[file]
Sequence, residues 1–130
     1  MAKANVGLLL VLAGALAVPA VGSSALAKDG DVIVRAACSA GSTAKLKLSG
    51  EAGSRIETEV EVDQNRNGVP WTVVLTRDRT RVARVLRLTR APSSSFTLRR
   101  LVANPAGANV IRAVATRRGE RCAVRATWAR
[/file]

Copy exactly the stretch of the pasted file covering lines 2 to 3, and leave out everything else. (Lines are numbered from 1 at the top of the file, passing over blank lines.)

     1  MAKANVGLLL VLAGALAVPA VGSSALAKDG DVIVRAACSA GSTAKLKLSG
    51  EAGSRIETEV EVDQNRNGVP WTVVLTRDRT RVARVLRLTR APSSSFTLRR